One of the factors in the early forest industry of British Columbia was the entrepreneurship of Sikhs from India who established sawmills in this province.

This 1933 photo, originally from the provincial archives, shows workers in front of a steam donkey yarder alongside the Kapoor sawmill, in the Sooke Hills. You can see three fairleads at the right on the donkey sleigh.

Established by Kapoor Singh and Mayo Singh near Mile 35 on the CNR line in 1928, the sawmill employed dozens of men, and developed its own community out in the wilds of the Sooke Hills.

Several kilometres of logging railway serviced the steam-powered sawmill, the water for the steamboilers coming from Council Creek, in territory which is now in the Capital Regional District’s water services district.

Kapoor Singh had come out from India and was homesteading in Ontario when he was contacted by Mayo Singh who had left the Punjab area of India earlier to come out to B.C.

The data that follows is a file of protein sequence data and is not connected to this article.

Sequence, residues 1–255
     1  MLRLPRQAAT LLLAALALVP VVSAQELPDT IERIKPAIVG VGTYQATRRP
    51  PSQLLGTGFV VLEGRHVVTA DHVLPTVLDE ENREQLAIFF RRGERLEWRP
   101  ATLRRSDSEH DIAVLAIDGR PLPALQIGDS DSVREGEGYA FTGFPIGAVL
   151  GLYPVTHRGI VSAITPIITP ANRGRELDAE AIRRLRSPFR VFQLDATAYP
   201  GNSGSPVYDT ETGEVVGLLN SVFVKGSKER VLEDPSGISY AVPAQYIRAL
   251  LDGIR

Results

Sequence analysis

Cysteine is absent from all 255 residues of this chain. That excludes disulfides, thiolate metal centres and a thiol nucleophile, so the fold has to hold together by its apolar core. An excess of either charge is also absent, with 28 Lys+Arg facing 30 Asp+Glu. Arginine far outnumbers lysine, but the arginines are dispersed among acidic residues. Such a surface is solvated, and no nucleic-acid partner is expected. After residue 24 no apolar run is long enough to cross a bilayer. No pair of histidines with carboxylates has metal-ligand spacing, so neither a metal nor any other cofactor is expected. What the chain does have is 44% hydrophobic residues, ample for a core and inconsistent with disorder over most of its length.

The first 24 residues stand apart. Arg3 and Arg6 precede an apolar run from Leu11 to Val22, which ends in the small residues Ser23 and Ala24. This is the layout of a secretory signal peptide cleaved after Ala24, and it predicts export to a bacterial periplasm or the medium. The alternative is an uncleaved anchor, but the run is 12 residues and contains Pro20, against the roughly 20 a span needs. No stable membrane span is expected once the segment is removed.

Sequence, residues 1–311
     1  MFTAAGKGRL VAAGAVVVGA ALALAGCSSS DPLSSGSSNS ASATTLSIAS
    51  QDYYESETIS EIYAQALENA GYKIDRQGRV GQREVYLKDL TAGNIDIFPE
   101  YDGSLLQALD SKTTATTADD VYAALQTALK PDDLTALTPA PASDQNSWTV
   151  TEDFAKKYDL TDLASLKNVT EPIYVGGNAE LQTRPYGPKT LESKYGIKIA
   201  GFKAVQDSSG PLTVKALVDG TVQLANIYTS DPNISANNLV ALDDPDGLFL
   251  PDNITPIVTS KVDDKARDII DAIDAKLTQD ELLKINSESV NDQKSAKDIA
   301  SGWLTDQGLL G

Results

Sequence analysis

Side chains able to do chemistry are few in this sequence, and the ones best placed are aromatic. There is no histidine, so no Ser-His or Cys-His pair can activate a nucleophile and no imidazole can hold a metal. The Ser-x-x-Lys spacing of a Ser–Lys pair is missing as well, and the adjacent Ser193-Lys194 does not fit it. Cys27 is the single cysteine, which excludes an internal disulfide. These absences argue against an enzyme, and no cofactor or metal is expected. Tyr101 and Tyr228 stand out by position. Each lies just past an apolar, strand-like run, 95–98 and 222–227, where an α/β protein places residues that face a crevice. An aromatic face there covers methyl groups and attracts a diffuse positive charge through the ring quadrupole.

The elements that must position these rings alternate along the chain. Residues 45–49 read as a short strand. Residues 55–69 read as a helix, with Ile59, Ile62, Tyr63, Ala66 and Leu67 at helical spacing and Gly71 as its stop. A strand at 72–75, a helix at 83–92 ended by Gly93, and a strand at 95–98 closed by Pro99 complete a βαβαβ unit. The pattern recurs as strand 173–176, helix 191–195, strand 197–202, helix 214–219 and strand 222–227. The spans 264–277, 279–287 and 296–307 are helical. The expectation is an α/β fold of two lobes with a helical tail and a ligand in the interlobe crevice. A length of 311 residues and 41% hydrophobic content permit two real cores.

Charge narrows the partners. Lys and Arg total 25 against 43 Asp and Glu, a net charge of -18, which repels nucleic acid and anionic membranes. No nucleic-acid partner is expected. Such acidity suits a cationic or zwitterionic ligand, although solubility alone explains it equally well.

Mayo began working towards his plan to develop his own enterprise by finding employment in other sawmills to learn the business.

Initially he hired Kapoor Singh as bookkeeper but the relationship became a partnership by 1928, when they organized an expanded lumbering enterprise. The business is still in operation today, now headquartered in West Vancouver.

While the sawmill and logging operations were mostly staffed by Sikh immigrants, there were also Chinese, Japanese and European immigrants, enough of them with families that a school was built for the children. One of the teachers for the one-room Kapoor School in the 1930s was May Pollard, who married Alby Davies of Otter Point.

One of the interesting notes about Kapoor Singh that comes to my mind was told by my pioneer Norwegian immigrant father, who arrived in Sooke in 1922.

At about the time of this photo, he took my eldest brother Maywell with him for an extensive hiking and exploring expedition in the Sooke Hills. My dad recounted to us that when they came upon the Kapoor Sawmill on their expedition, Kapoor Singh came out to greet them, and invited the two to come into the cookhouse and enjoy a meal with the crew.


Elida Peers is the historian of Sooke Region Museum.